The good old days to the norm with compact image transmition devices

I have to say I really enjoyed this post as it reminded me of when I was working as a sports photographer for a national press agency.

It is also strange to think that photographers use common soloutions to their problems, as I have been using the Pocket Phojo and a PDA for the last year to do remote transmitions, with the Nikon D2x or the Canon G9

(using the G9 by swapping the memory card or just using the USB cable to view the memory card while plugged into the camera; It does not automaticaly send from the G9, like it does from the D2x)

With the Pocket Phojo software on a PDA and Canon G9 it makes for a very compact reporting kit as the G9 can redord audio and video good enough for the web as well 🙂

Read the full article bellow to see how things have changed

The Sydney Morning Herald Blogs: Photographers

For newspaper photographers, the single greatest advantage of dumping film has been faster and easier delivery of pictures.

Before that, a photographer on an away-job might turn his hotel en-suite into a makeshift darkroom, or pay a local mini-lab to stay open after-hours, then transmit one or two prints back to Sydney in a tedious over-the-phone process making you very late for dinner.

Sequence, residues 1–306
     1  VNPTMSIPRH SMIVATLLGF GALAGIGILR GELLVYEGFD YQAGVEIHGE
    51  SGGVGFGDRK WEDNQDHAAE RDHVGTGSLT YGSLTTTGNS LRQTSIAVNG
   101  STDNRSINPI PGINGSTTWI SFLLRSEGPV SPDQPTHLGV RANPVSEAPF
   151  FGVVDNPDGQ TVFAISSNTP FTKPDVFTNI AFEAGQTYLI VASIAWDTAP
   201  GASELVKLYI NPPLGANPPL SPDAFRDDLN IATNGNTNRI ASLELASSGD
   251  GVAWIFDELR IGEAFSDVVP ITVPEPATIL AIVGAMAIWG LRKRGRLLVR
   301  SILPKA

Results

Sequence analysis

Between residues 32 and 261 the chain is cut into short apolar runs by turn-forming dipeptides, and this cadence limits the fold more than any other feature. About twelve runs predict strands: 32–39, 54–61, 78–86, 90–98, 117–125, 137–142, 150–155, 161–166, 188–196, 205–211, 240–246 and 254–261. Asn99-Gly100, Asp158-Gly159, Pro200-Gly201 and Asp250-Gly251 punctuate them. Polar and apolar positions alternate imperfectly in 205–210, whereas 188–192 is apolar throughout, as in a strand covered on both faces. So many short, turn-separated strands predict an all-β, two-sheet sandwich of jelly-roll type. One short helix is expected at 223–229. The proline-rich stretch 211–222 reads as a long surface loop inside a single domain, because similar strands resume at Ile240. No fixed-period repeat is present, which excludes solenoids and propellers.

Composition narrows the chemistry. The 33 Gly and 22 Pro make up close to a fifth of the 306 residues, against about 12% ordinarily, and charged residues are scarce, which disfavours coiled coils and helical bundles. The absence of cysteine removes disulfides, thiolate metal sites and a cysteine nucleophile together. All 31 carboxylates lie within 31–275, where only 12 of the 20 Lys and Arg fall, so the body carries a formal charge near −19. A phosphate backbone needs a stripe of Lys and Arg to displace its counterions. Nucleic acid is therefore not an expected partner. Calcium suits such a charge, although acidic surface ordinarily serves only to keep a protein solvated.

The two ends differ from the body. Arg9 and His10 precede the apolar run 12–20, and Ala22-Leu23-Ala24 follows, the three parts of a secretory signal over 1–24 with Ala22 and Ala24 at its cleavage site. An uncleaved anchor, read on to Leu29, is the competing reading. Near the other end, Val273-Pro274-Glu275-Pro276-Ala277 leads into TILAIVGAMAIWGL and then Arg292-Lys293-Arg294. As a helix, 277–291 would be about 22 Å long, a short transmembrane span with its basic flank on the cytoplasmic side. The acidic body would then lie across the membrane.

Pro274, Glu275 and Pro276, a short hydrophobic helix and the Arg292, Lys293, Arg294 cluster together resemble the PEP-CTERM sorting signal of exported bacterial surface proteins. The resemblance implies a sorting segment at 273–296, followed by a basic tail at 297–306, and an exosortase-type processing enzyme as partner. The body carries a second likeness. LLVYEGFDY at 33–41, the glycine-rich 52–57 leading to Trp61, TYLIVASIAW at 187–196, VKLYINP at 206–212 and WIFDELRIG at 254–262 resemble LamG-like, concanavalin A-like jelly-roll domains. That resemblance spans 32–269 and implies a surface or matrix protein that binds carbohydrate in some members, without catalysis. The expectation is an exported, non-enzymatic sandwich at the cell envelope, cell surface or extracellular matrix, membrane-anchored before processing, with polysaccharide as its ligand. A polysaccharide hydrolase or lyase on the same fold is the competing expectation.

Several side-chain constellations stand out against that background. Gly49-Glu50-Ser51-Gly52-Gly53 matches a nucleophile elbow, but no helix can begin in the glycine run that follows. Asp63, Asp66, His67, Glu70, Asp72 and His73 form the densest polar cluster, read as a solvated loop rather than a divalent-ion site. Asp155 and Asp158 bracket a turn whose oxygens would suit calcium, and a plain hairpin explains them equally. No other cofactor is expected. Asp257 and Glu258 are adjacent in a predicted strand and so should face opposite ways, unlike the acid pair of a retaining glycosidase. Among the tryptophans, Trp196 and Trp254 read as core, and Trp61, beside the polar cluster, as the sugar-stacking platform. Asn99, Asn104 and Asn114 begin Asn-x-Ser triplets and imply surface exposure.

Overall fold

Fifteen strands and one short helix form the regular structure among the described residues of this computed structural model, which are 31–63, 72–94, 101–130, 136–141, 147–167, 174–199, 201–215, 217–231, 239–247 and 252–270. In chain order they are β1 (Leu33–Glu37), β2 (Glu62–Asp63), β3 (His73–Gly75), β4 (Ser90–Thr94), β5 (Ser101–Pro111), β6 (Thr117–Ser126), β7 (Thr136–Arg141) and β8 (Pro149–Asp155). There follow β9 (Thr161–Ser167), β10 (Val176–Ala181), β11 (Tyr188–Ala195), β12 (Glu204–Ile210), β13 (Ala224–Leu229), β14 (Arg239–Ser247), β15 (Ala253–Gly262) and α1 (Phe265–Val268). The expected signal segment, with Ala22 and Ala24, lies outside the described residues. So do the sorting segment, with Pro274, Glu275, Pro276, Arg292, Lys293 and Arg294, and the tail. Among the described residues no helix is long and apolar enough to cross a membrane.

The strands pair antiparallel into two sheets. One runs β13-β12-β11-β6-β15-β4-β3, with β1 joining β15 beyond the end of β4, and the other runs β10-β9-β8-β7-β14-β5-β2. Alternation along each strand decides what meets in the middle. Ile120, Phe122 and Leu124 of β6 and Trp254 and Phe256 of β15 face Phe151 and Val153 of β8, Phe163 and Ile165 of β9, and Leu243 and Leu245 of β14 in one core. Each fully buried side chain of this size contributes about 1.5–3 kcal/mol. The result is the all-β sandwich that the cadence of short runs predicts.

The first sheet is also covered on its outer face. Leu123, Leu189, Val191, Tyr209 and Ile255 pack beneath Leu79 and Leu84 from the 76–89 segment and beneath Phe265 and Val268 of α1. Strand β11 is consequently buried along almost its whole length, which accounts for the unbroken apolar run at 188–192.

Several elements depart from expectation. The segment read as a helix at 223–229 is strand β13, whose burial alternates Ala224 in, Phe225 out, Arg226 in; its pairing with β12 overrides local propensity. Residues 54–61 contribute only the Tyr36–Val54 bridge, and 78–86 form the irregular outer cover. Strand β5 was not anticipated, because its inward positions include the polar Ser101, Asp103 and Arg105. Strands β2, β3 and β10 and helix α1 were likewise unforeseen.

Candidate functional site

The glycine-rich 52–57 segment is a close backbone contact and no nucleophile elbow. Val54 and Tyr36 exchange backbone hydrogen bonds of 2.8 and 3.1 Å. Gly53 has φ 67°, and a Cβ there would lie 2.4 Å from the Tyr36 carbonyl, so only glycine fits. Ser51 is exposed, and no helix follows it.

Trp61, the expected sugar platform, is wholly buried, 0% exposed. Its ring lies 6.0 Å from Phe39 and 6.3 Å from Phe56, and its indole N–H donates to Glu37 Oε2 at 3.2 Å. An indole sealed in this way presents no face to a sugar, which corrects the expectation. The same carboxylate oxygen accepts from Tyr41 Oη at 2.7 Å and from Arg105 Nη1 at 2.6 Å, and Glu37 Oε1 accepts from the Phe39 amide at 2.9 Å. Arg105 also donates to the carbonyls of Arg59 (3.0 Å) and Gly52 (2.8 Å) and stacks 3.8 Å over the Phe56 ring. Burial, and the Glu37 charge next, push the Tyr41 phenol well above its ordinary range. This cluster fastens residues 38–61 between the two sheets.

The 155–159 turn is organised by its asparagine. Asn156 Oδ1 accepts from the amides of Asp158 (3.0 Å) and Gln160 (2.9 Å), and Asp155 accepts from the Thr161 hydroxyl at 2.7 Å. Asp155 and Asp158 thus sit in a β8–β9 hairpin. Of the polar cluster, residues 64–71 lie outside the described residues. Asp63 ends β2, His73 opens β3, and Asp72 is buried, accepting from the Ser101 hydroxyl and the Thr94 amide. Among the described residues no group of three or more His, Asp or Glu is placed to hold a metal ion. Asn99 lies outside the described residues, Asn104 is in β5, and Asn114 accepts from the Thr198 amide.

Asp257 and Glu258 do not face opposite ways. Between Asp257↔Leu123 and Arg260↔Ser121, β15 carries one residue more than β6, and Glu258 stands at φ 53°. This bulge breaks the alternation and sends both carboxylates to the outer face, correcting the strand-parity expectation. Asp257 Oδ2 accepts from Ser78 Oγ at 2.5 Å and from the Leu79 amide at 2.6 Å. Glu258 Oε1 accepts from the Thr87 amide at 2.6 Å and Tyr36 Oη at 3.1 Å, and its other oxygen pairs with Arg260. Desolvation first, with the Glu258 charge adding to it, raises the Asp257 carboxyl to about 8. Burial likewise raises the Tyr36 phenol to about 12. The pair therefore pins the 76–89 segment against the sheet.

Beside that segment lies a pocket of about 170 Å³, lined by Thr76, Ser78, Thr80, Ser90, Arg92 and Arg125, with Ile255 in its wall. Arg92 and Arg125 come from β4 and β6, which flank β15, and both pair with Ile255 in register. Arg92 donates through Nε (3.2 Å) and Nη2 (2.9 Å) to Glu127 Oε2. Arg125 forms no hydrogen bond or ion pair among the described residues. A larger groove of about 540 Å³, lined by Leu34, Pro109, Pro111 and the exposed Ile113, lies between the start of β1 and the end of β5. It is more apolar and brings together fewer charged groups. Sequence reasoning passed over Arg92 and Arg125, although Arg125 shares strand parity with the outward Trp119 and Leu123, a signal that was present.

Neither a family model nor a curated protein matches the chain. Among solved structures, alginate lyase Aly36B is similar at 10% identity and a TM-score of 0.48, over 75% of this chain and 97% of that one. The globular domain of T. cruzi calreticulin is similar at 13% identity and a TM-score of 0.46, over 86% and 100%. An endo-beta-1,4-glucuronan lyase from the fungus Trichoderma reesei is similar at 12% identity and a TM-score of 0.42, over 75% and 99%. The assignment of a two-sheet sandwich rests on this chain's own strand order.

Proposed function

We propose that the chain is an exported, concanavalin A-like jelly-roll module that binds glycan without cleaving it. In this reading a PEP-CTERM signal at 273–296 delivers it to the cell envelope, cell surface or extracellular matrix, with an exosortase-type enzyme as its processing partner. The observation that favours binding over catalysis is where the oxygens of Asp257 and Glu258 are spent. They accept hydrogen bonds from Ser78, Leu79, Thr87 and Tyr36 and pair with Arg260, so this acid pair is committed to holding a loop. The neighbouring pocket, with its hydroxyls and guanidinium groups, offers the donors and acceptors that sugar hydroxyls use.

Sports photographers needed to work for several hours after full-time to get their pictures back to the paper, while now they can generally get away with the last of the fans.

A decade on, things have progressed to the point where you can transmit your photographs (live) from a smart-phone in your pocket, all the while continuing to shoot the action you were sent there to cover. Read More >>

Advertisements

Leave a Reply

Please log in using one of these methods to post your comment:

WordPress.com Logo

You are commenting using your WordPress.com account. Log Out / Change )

Twitter picture

You are commenting using your Twitter account. Log Out / Change )

Facebook photo

You are commenting using your Facebook account. Log Out / Change )

Google+ photo

You are commenting using your Google+ account. Log Out / Change )

Connecting to %s